The following article from the 1/8/98, electronic edition of the Fort Lauderdale, Florida, Sun-Sentinel is part of an analysis to determine the similarities between the modus operandi of the Florida Bar and organized crime (utilizing a series of Fort Lauderdale Sun-Sentinel articles on government lawyer legal fees.)


  1. Broward politicians say the $1.2billion expansion of the airport will be an economic boon. So far, that certainly has proved true for two powerhouse law firms tight with county officials.

  2. Since 1988, Broward County has paid more than $8 million to the Miami-based law firm of Kubicki Draper to fight disputes with property owners around Fort Lauderdale-Hollywood International Airport. Conrad, Scherer & Jenne has earned almost $500,000 from the county since 1993.

  3. The firms have been fighting lengthy court battles between the county, which needed land for the airport expansion, and property owners, who wanted top dollar for their land. The firms' legal bills are small compared to the $172 million that Broward will have spent on parcels needed for the airport's growth.

  4. Moreover, two-thirds of the county's land purchase costs have qualified for reimbursement by the Federal Aviation Administration. But regardless of who was picking up the tab, county officials grew distressed with the soaring bills, especially Kubicki's. Deputy County Attorney Noel Pfeffer questioned the firm's high fees for simple tasks.

  5. "I would suggest this office evaluate the billing practices of this firm. I am not inclined to approve any of them," Pfeffer wrote in a 1994 memo to his boss. Another county attorney was assigned to check out his colleague's concerns, but found no problems. Kubicki's bills were paid in full.

  6. It took another two years for Broward County commissioners to ask for an audit of all airport litigation bills. "My review points out deficiencies in record keeping," Auditor Norm Thabit wrote in a January 1997 memo to the commission. Thabit also found "insufficient controls" over legal work. His biggest finding: The airport was paying as much or more for Kubicki's legal fees and expenses as it was for certain properties. His audit, however, revealed no evidence of overbilling by Kubicki.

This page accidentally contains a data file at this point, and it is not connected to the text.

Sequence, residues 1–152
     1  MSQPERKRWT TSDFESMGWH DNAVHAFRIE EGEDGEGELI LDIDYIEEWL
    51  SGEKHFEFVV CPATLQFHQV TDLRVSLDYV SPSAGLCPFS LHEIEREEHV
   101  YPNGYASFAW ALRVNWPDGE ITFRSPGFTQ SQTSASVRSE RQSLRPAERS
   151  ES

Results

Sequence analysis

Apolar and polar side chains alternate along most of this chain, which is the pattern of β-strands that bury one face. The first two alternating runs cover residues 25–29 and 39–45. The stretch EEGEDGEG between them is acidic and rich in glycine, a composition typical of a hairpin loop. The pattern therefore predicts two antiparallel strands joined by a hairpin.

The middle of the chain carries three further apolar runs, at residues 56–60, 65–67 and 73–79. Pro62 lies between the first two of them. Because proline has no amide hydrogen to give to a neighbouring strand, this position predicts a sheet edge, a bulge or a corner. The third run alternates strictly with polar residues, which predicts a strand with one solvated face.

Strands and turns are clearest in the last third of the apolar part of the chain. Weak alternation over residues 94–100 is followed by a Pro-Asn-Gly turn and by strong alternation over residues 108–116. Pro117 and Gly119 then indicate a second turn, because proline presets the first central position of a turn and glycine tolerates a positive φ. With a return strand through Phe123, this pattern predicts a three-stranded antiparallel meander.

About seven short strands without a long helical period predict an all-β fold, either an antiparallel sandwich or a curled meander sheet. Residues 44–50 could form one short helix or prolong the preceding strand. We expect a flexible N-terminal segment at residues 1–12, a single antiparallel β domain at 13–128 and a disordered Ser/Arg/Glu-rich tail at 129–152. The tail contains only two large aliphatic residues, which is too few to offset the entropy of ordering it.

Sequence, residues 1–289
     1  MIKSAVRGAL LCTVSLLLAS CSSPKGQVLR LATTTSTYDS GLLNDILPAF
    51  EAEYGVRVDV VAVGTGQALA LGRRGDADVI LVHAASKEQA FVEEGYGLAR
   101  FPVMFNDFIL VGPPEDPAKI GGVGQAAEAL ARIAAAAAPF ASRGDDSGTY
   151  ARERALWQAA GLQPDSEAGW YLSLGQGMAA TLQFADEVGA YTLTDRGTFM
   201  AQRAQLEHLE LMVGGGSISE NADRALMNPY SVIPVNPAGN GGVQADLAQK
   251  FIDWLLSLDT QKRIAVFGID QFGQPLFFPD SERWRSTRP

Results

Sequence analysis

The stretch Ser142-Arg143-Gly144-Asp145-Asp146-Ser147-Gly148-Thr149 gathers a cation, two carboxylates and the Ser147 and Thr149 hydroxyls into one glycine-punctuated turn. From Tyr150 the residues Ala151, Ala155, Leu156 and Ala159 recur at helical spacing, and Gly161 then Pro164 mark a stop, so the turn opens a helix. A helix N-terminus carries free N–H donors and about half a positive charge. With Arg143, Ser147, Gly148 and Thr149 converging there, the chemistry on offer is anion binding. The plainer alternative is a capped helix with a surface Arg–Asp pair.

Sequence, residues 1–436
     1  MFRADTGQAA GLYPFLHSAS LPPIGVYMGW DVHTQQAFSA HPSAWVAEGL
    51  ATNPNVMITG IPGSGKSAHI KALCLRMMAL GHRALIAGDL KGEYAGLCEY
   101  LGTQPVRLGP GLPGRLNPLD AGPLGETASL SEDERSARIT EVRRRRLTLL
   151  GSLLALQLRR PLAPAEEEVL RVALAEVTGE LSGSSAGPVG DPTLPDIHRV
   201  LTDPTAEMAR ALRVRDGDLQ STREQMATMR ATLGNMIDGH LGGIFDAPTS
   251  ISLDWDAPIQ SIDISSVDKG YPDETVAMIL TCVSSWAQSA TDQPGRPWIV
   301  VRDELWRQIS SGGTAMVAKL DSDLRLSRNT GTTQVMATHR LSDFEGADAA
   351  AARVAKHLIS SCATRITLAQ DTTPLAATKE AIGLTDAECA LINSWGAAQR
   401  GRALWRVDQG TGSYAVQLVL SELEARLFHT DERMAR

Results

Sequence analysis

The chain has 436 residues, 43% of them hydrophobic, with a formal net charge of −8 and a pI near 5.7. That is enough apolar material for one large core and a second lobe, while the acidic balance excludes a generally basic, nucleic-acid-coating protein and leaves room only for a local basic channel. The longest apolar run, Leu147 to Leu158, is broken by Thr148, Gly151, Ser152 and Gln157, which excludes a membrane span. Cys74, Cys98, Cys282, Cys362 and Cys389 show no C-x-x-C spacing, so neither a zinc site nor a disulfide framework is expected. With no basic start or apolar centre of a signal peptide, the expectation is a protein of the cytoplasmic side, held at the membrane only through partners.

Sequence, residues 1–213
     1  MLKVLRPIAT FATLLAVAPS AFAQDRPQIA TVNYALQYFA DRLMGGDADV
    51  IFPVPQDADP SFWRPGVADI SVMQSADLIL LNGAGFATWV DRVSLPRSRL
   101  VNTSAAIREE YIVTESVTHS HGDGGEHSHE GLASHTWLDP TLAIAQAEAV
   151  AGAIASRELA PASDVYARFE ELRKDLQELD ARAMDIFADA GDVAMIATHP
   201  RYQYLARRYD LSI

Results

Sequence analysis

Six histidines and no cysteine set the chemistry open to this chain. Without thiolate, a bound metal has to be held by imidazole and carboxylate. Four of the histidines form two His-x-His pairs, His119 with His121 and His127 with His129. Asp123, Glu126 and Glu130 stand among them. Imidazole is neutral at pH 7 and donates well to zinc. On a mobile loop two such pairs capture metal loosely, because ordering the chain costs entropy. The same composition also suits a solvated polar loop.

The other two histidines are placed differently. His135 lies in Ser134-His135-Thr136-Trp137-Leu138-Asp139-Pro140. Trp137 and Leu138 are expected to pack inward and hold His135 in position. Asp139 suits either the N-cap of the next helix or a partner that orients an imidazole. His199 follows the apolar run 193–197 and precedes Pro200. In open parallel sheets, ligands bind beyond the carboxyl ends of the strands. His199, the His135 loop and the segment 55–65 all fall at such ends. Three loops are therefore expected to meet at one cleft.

7. Angela Flowers, a Kubicki partner, said the county's audit proved that the firm's bills were legitimate. Costs ran so high because of the complex nature of eminent domain law, Flowers said, which gives government the authority to take private property. Landowners usually chose to fight the takeover, which also drives up costs.

  8. Broward completed its purchase of property around the airport last summer.

  9. Highland Beach got hit with millions of dollars in legal damages and fees when town officials blocked a massive condominium project along the Intracoastal Waterway. A lawsuit ended badly for the town in 1992, when a federal judge ordered Highland Beach to pay the property owner $14.4 million in damages.

  10. The judge also ordered Highland Beach to pay $1.8 million in attorney fees to the Resolution Trust Corp., which had assumed ownership of the 17-acre property from a failed savings and loan. Highland Beach appealed and eventually settled with the RTC, paying $1.2 million in attorney fees and $3.3 million in damages.

  11. But the settlement costs were larger than the town's operating budget. Officials were forced to borrow about $3 million. The town's insurance company paid another $750,000 in fees for Highland Beach's team of liability lawyers, said George Roberts, a West Palm Beach attorney and lead counsel.

  12. In the mid-1990s, the town spent at least $100,000 more on fees for its in-house attorney and other lawyers to fight the case, records show.

  13. Were all those legal bills worth it? Roberts' summation: "Hindsight is always 20/20."

  14. What happened to the controversial waterfront property? Omega Development Group bought it for $12.6 million in 1996, and later won town approval to build 425 condo units in three towers.

Sun-Sentinel Copyright (c) 1998, Sun-Sentinel Company and South Florida Interactive, Inc.

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